you would rather A than B

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Hi all, this is from 'The Rosie Project' from Graeme Simsion.

Don, a thirty nine years old man attends a party with Bianca, a professional dance player.
Don was pretending to be good at dancing to invite her and have practiced various dance for a week.
However, at the party, he shows his incompetence. She gets angry and go home.
After the party, Don takes a taxi with his friend Rosie.
The original sentences are as follows.

<-----Excess quote removed by moderator (Florentia52)----->
Then she said, '<...>You did, didn't you? That's worse. You'd rather make a fool of yourself in front of everyone than tell her she didn't float your boat.'
'It would have been extremely awkward. <...>'

I don't understand the second sentence from the last.
I know the expression 'would rather A than B', but in this context it is confusing. I think she should say 'You'd rather tell her she didn't float your boat than make a fool of yourself in front of everyone.'
Can you give me some explanation?

Thanks in advance.
Last edited by a moderator:
  • Glenfarclas

    Senior Member
    English (American)
    No, it's the other way around. He preferred making a fool of himself (by dancing badly, so that the woman would lose her interest in him) over telling him that she didn't float his boat (i.e., that he was not interested in her). The sentence is correct as written.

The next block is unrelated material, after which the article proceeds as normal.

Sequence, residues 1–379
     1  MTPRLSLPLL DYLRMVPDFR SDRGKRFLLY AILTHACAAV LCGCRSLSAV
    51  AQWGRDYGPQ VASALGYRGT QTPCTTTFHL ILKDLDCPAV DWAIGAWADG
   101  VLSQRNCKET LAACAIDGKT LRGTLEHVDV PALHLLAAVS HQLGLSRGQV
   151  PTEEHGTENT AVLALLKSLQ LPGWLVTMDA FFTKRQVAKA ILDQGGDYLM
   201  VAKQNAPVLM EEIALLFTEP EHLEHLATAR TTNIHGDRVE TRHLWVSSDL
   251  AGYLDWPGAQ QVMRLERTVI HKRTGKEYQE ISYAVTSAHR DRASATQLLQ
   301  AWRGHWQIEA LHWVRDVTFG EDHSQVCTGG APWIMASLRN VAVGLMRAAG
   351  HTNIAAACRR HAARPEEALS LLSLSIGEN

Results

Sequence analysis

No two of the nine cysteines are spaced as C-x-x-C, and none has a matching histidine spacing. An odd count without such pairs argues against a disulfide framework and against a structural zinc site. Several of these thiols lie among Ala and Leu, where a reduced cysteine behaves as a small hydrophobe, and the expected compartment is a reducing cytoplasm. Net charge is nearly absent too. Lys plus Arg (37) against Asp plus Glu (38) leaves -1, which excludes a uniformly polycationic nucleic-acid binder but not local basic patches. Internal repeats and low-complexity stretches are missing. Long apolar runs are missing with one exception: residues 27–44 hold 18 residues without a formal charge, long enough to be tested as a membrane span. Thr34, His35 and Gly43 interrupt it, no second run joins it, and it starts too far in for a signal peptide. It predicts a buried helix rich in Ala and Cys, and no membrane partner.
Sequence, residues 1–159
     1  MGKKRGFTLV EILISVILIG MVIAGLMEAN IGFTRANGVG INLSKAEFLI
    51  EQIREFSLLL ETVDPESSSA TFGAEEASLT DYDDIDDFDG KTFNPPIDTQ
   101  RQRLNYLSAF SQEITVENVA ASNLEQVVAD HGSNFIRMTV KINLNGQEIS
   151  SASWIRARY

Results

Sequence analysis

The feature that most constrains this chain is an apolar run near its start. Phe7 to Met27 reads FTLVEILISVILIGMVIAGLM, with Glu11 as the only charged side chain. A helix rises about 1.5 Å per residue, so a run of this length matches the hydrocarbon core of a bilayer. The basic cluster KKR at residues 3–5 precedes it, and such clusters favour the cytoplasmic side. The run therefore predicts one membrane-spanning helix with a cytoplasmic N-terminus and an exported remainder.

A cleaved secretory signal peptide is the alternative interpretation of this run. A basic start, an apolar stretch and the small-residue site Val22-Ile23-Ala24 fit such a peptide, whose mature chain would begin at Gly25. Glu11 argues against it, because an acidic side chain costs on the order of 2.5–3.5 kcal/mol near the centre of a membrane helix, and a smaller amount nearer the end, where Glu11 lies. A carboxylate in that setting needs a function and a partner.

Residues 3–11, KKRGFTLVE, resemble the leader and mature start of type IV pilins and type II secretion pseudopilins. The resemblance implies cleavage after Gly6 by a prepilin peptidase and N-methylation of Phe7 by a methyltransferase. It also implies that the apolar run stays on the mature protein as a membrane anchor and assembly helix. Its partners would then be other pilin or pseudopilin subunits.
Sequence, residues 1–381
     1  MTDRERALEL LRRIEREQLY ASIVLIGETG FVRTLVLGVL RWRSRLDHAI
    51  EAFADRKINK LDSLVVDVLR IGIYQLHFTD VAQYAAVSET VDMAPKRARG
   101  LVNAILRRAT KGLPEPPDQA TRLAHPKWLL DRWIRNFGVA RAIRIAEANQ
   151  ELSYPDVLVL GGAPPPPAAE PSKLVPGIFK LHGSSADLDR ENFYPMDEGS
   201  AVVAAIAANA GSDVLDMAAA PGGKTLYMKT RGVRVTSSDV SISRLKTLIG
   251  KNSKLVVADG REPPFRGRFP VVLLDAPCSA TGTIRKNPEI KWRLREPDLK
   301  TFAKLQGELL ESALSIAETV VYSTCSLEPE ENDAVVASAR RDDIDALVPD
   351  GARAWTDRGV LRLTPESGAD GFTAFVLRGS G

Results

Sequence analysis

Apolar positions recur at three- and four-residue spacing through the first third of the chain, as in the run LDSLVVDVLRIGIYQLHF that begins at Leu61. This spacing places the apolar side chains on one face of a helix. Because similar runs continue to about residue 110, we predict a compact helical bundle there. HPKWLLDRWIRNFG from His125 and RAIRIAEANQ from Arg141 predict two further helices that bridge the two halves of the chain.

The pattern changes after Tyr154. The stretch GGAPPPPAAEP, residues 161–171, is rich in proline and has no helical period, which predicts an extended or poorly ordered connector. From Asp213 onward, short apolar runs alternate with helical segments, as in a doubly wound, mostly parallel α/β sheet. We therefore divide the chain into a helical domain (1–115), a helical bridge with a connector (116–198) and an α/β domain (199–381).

New York - English, Spanish
    Maybe what confuses you is you understanding what Rosie said as a statement of advice, but it isn't. What she is doing is actually pointing out what he DID do, as a way of placing emphasis on the decision he took which she didn't agree with. The statement you think Rosie should say doesn't fit. You are thinking something like: 'You should have told her she didn't float your boat rather than making a fool of yourself in front of everyone.' But like I said, that is not what she is trying to say.
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